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A Diabetes Drug for Dementia?

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Pharmacists call them “multitarget drugs.” They’re medications that were developed for one purpose and then found to be effective in treating something else. Aspirin is a familiar example. Originally used to treat pain, many physicians advise it as a way to prevent heart attack and stroke. Similarly, birth control pills have been found to be useful in treating acne.

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According to new reports, the drug dulaglutide (brand name Trulicity) also appears to be a multitarget medication. This column recently reported that dulaglutide, which is an injectable prescription medicine for adults with type 2 diabetes, had been approved by the U.S. Food and Drug Administration (FDA) as a way of lowering the risk of major cardiovascular events (MACE) in adults with type 2 diabetes who have established cardiovascular disease or multiple cardiovascular risk factors. Now a new study has reported another possible use for dulaglutide — to lower cognitive decline and prevent dementia in people with type 2. This was an important finding because type 2 diabetes is a known risk factor for cognitive impairment and dementia

The new study, which was published in the medical journal Lancet Neurology, was based on what’s known as the REWIND (Researching Cardiovascular Events with a Weekly Incretin in Diabetes) study, which was a randomized, double-blind study carried out at 371 sites in 24 countries. REWIND formed the basis for the FDA’s approval of dulaglutide for MACE and now the new report indicates dulaglutide could also reduce cognitive impairment in adults ages 50 and above who have established or newly diagnosed type 2 diabetes along with additional cardiovascular risk factors.

The researchers looked at data from 8,828 patients who were part of the REWIND trial. The patients had an average age of 65.5 and the male-female split was about 50-50. They had an HbA1c (measure of glucose control over the previous 2 to 3 months) of 9.5% or less and were taking no more than two blood-sugar-lowering agents. The patients also had histories of heart attack, stroke, chest pain and the like. They were randomly divided into groups: one was given weekly doses of dulaglutide and the other was given a placebo (an inactive substance). The patients were given cardiovascular follow-ups every six months. The trial lasted two years (2011 to 2013) and the subjects were followed up for approximately five years. Cognitive decline was measured by means of two tests — the Montreal Cognitive Assessment or the Digit Symbol Substitution Test.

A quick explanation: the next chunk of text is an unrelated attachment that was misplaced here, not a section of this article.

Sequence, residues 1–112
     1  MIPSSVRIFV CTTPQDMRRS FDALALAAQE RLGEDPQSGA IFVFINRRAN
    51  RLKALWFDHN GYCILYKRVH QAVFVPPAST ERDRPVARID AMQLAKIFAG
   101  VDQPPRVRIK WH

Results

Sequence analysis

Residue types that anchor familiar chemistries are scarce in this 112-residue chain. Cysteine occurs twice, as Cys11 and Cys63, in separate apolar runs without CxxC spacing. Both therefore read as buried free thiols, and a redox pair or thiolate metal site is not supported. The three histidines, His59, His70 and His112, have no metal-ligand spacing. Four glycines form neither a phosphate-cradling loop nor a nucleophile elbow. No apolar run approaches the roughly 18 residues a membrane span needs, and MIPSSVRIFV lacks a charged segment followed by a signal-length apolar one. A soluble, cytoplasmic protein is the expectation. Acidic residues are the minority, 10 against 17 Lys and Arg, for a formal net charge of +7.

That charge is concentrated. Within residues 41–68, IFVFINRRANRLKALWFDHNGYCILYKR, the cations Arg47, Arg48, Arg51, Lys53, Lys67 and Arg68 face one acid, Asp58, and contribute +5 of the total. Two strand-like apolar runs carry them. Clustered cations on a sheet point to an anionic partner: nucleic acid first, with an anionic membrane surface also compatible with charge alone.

After adjusting for individual standardized baseline scores, the researchers determined that the risk of “substantive cognitive impairment” was reduced by 14% in those given dulaglutide. The researchers considered the possibility that those patients who showed cognitive decline might have suffered strokes, but, according to study author Hertzel Gerstein, MD, of McMaster University in Hamilton, Ontario, their findings did “not support the hypothesis that stroke was the reason for the effect on cognitive impairment — but it does not rule it out — and suggests that other mechanisms may be at play.” He then went on to say, “…a benefit on both cognitive impairment and stroke suggests that perhaps the therapy has some neuroprotective effects.”

Dulaglutide is what’s known as a glucagon-like peptide-1 (GLP-1) receptor agonist, a class of drugs that helps diabetes patients achieve blood sugar control. Others include exenatide (Byetta, Bydureon), liraglutide (Victoza), semaglutide (Ozempic) and lixisenatide (Lyxuimia). This raises the possibility that these drugs might also have a beneficial effect on dementia and cognitive decline. The study published in Lancet Neurology was accompanied by an editorial by Geert Jan Biessels, MD, of the UMC Brain Center at the University Medical Center Utrecht in the Netherlands. Biessels, whose special area of research is vascular causes of cognitive impairment and dementia, wrote, “If some classes of anti-diabetic drugs are superior than others in preventing dementia, this finding has clinical implications…. The effect of this drug class on dementia and related diseases in people with diabetes and those without diabetes urgently needs to be studied.”

Want to learn more about maintaining cognitive health with diabetes? Read “Nine Tips to Keep Your Memory With Diabetes,” “Keeping Your Brain Strong With Diabetes” and “Memory Fitness: How to Get It, How to Keep It.”



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